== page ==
The BBC is celebrating Opera Passion Day today, in conjunction with eight opera companies, the Victoria and Albert Museum, and Manchester’s Museum of Science and Industry. Like all of these institutions, the Music Faculty is a hub of operatic activity, whether writing about opera, composing it, or performing it.
Academic work on opera from Faculty members is hugely wide-ranging, including Suzanne Aspden’s book on the divas of the eighteenth-century stage, Michael Burden’ famous article on latrines in opera houses, Roger Allen’s recent book on Wagner’s prose writings, and Jonathan Cross’s work on Harrison Birtwistle.
The Faculty’s composers ensure that we not only deal with pre-existing operas, but also produce new ones. Thomas Hyde’s opera That Man Stephen Ward has recently been recorded by George Vass and the Nova Musica Opera Ensemble, while Robert Saxton’s radio opera, The Wandering Jew, was commissioned by BBC Radio 3 and recorded in 2010 by the BBC Symphony Orchestra and BBC Singers.
The Faculty is just as active in opera performance, from the many student productions of opera to the work of New Chamber Opera. Each year, we have a Visiting Professor in Opera Studies. This year we’re hosting Stephen Langridge, Artistic Director (Opera/Drama) of GöteborgsOperan, the Gothenburg Opera. Previous holders have included Katie Mitchell, Jane Glover, and Graham Vick. Meanwhile, Jonathan Williams’s Rameau Project is currently exploring ways of performing the many works of the eighteenth-century French composer, including everything from student workshops to a production of the opera Dardanus with English Touring Opera.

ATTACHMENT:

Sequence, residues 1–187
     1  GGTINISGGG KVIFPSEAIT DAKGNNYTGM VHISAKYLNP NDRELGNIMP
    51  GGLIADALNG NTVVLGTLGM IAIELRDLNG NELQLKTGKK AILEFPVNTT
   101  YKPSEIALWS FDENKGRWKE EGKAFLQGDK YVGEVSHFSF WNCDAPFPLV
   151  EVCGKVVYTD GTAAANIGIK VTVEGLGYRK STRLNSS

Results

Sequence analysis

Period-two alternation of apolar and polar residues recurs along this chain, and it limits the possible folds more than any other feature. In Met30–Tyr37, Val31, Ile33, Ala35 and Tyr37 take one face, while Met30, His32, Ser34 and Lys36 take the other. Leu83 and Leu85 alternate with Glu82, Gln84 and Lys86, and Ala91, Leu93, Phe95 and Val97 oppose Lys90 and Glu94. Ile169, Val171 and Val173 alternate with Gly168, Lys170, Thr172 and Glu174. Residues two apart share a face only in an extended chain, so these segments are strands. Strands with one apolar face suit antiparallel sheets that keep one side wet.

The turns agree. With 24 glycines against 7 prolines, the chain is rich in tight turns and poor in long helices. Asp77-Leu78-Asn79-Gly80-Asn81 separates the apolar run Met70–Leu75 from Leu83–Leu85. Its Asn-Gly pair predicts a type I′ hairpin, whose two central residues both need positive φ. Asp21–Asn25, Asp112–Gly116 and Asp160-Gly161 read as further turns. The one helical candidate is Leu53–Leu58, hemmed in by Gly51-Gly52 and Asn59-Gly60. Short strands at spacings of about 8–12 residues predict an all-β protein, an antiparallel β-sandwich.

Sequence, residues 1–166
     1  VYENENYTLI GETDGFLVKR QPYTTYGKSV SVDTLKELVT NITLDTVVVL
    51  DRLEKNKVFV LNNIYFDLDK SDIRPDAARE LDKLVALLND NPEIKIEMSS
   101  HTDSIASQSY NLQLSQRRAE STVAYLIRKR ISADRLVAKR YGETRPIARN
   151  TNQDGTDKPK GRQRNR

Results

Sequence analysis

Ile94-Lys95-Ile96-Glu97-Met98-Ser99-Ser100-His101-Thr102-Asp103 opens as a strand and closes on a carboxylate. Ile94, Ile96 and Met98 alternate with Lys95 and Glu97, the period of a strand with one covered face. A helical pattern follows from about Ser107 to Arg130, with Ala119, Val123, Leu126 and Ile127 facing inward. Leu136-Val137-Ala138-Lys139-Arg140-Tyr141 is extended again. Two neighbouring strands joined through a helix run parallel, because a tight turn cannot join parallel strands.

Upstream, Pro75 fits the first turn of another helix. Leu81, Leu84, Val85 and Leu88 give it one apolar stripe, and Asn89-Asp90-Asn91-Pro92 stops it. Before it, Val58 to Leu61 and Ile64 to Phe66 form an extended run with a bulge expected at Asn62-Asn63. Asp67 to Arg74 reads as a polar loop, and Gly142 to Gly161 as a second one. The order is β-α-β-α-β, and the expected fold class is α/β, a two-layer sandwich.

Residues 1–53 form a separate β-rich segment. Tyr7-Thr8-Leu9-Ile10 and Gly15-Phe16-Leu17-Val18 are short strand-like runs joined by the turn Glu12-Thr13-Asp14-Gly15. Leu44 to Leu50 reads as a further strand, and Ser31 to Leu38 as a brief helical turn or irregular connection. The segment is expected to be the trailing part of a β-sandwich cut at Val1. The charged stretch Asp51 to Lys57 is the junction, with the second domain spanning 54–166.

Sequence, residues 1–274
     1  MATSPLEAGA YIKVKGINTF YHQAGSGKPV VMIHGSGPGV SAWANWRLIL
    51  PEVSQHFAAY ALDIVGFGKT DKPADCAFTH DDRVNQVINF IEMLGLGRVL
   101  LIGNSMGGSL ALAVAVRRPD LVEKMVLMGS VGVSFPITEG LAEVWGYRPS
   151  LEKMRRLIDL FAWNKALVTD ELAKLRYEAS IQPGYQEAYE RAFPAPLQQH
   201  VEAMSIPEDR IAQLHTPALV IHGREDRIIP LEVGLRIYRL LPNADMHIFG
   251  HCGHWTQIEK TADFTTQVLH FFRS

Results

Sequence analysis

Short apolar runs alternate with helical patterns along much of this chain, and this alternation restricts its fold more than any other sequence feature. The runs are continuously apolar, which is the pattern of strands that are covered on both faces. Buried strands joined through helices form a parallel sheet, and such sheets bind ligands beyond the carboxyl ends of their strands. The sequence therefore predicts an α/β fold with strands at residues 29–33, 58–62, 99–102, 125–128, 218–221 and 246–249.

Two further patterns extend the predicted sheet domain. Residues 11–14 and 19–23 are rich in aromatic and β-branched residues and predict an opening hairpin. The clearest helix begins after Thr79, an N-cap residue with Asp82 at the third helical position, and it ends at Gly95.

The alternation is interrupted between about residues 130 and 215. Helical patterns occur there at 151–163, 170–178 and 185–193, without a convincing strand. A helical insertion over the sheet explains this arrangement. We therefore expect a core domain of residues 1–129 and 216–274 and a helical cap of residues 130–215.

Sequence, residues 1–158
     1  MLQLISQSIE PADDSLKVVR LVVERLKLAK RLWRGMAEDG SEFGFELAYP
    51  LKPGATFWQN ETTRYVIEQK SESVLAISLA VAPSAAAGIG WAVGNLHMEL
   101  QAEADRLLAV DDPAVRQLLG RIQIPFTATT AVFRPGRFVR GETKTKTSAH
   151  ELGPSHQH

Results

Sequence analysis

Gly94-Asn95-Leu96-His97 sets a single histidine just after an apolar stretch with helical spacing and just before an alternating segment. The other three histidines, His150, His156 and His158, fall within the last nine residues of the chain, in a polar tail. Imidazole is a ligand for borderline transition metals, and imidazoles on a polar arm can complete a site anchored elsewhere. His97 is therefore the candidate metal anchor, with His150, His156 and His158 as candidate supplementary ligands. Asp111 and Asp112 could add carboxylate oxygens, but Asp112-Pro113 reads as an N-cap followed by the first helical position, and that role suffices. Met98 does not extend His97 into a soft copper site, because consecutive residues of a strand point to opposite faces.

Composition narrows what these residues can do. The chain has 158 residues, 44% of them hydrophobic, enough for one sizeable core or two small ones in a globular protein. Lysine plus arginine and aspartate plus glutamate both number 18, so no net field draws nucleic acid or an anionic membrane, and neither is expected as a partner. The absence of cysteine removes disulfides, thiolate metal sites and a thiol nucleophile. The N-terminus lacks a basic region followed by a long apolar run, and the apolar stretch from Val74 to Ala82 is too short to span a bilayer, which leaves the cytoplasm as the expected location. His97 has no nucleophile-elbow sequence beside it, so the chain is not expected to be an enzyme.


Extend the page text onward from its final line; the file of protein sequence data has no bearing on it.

However you celebrate Opera Passion Day, there’s a good chance you’ll encounter Oxford’s Music Faculty somewhere, whether it’s in a book, a score, on stage, or in alumnus Roderick Williams’s exploration of Mozart’s Die Zauberflöte after his recent celebrated performances as Papageno at the Royal Opera House.